Party Girl (1995)
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The dialogue is fast and funny, and Parker Posey's costumer deserves - if not an academy award, at least - a stadium "wave" of kudos.
Of course, this film rests on the very stylish platform heels of Miss Posey, and she is perfectly cast. Like a lot of her acting work, it may not be very deep, it is often self-referential and, well, posey... but it all WORKS. She is a talented comedienne, an incredible entertainer, and this film entertains, she carries it on her shoulders like a faux leopard wrap, and never lets it drop to the floor.
Mary is a superficial party fashionista who isn't above stealing designer clothing from a friend's closet or making out with someone else's boyfriend. On a deeper level, this is a story of a girl and her friends who are care-less in every sense of the word, including about other people; and the process of learning that caring is necessary to life.
The script is beautifully crafted, witty, and the only performance that disappoints is the Aunt, in a role that was much too one-dimensional and heavy handed; a more nuanced performance from her, would have deepened the relationship between the two... but... hey... this is comedy. A surprisingly deep role, that gives this film some substance and world vision, is the fallafel selling boyfriend. We should all be so lucky... is he the one for Mary? or the one that gets away?
I rate this as a 8 because it isn't a great moment of film history, it is not a classic, and it is not great art (all of which get deeper and richer on re-viewing). Like "Desperately Seeking Susan" it represents something very true about it's time period, but may become irrelevant with time. Still, it has everything an entertaining film needs, and is worth viewing several times for the clothes alone!
The film, directed by Daisy Von Scherler Mayer, is a treat for Ms. Posey's fans. Ms. Von Scherler Mayer takes us on a wild trip into lower Manhattan to show us this aimless soul whose life is dedicated to have fun in the different clubs she constantly frequents. This is an era that still was more naive than what that area and the adjacent Meat Market districts became. At least, there are no pretensions in the films and we see down to earth people going about their lives in a normal way, if we can call it that way.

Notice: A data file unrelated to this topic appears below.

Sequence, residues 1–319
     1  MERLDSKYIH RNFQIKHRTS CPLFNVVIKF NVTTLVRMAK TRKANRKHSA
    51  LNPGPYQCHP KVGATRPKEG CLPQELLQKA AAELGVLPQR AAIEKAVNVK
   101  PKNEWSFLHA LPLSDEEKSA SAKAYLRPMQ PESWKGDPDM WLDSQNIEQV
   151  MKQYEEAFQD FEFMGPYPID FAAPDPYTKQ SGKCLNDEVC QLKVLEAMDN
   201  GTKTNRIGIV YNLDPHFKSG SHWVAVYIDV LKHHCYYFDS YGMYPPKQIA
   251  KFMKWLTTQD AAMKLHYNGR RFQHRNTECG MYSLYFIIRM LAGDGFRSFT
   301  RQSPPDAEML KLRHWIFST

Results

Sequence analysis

Parker Posey makes an amazing Mary. It's because of Parker Posey we enjoy the movie more than if another actress would have played Mary. She is the whole picture. The rest of the cast is good.
"Party Girl" set itself apart from these stereotypical rave-umentaries by showing how raves (true raves) were not glow-stick, lolly-sucking teenage rebellion-fests. Posey, showing style and attitude, portrayed an over-the-top character who isn't necessarily perfect, but plays her part well. The movie isn't all about drugs, like other genre movies such as "Playing Mona Lisa." Posey played a girl that I know many of.
The movie epitomized the early 90's rave era. Watch this movie at least once just for Posey's performance.
I especially liked the Diaz character (reminded me of every single struggling DJ I've ever known). And many other movies could take a cue from this movie on how to preach the virtue of responsibility without being boring and bland about it.
Parker Posey is great in this movie. I've always thought that she bears some resemblance facially to Katharine Hepburn. So, it's great to see that both Hepburn and Posey made movies about librarians (Hepburn's is The Desk Set). All librarians, especially those with a sense of humor, should see Party Girl.
I gave this movie an 8. It is not by any means a great film by cinematic standards, although there are some nice shots in it. But it is incredibly charming and entertaining.
This undercooked movie has studiously vapid characters (Well they're club-kids, ya big jerk!) that are in holding patterns. The big question seems to be, just how long can a young adult remain juvenile? It took three people to write this 'story'? Good god, it was easier to come up with Citizen Kane. Rather than take viewers back, this movie should just embarrass anyone who was a scene-ster in the early 90s.
The idea that a fifty year old woman envies a bunch of self-absorbed kids from a different era is the world as only self-absorbed, twenty-somethings could imagine it. The odd sidebar about library work is not the sub-plot one expects from the equivalent of Parker Posey's Breakin 2: Electric Bugaloo. Her "I'm serious about graduate school!" while a stripper grinds on her is hysterical. Posey's shtick is always amusing, but there are projects that are beneath her. I was asleep before it crossed the 40 minute mark.
The story is sweet and fun. Posey is on target as a typical wild child avoiding work at all costs.
Librarians around the world should have this movie in their personal collections for viewing anytime. A great pick me up!
The stereotypes for librarians are out there - it is nice when mass media blows up those stereotypes (another place the stereotype was recently blasted was on the on the pages of BUST magazine in April 2004).